Référence:Post-Babesiosis Warm Autoimmune Hemolytic Anemia

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En quelques mots
Concerne les maladies : Babésiose, Anémie hémolytique auto-immune
Étudie les aspects: Symptôme
A pour fiabilité: Nouvelles données scientifiques
A pour public cible: Chercheurs
Langue: Anglais
Pays: USA
Étudie les causes: Babesia, Babésia Microti, Maladie auto-immune
Étudie les symptômes: Réponse immunitaire
Étudie les outils de diagnostic:
Étudie les traitements:
Mention spéciale pour: Alerte

Auteurs: Ann E. Woolley, Mary W. Montgomery, William J. Savage, Maureen O. Achebe, Kathleen Dunford, Sarah Villeda, James H. Maguire, Francisco M. Marty

Publié en: 2017

Lien vers l'article original: https://www.nejm.org/doi/full/10.1056/NEJMoa1612165

Résumé en Français:

Description de cas d'anémies hémolytique auto-immune après une Babésiose. Une infection dégénérant en maladie auto-immune demande un traitement totalement différent. Ce point est donc à surveiller.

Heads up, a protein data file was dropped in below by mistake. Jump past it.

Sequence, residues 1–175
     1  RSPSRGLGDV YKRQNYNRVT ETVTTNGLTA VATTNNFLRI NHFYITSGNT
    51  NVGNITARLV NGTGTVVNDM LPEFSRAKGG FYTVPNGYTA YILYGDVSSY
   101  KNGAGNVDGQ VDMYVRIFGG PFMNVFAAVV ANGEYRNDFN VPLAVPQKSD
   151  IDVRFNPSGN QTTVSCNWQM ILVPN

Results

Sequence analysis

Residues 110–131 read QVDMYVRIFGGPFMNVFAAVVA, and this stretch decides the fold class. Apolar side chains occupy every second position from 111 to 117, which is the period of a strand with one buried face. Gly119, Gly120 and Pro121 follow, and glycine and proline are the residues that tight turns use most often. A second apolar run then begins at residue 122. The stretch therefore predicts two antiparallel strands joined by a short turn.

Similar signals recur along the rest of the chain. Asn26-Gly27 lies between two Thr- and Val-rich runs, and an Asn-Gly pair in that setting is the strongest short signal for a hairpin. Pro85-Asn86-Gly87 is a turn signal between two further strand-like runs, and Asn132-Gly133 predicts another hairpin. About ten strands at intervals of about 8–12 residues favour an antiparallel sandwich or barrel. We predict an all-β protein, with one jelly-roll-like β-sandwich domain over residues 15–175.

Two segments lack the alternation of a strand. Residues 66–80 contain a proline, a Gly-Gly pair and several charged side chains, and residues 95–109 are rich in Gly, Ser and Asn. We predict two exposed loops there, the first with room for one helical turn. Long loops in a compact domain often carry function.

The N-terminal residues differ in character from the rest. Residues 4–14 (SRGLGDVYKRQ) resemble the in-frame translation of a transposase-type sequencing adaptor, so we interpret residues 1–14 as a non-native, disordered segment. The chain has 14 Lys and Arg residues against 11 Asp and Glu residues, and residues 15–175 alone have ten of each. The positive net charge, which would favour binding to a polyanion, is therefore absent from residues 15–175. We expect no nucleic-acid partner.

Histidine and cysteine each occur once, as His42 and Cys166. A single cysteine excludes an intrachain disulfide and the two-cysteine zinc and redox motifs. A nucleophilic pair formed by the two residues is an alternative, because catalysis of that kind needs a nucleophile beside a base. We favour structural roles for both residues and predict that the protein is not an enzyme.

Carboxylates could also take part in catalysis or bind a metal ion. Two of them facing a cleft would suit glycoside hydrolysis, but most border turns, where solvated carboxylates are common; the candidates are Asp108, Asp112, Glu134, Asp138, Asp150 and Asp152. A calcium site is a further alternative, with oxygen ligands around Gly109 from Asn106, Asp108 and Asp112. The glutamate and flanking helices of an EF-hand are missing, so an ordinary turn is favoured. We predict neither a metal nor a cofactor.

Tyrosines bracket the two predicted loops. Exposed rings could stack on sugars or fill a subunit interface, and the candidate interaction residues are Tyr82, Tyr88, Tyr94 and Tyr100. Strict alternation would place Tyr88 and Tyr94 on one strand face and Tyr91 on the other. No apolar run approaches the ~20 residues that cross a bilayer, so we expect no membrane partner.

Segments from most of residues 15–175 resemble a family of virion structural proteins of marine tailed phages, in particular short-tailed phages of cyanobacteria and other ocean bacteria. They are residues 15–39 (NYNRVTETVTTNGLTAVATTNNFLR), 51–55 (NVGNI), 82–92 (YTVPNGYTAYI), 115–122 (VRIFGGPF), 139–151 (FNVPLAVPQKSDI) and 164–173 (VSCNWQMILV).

Abstract en langue originale:

BACKGROUND Babesiosis, a tickborne zoonotic disease caused by intraerythrocytic protozoa of the genus babesia, is characterized by nonimmune hemolytic anemia that resolves with antimicrobial treatment and clearance of parasitemia. The development of warm-antibody autoimmune hemolytic anemia (also known as warm autoimmune hemolytic anemia [WAHA]) in patients with babesiosis has not previously been well described.

METHODS After the observation of sporadic cases of WAHA that occurred after treatment of patients for babesiosis, we conducted a retrospective cohort study of all the patients with babesiosis who were cared for at our center from January 2009 through June 2016. Data on covariates of interest were extracted from the medical records, including any hematologic complications that occurred within 3 months after the diagnosis and treatment of babesiosis.

RESULTS A total of 86 patients received a diagnosis of babesiosis during the 7.5-year study period; 18 of these patients were asplenic. WAHA developed in 6 patients 2 to 4 weeks after the diagnosis of babesiosis, by which time all the patients had had clinical and laboratory responses to antimicrobial treatment of babesiosis, including clearance of Babesia microti parasitemia. All 6 patients were asplenic (P<0.001) and had positive direct antiglobulin tests for IgG and complement component 3; warm autoantibodies were identified in all these patients. No alternative explanation for clinical hemolysis was found. WAHA required immunosuppressive treatment in 4 of the 6 patients.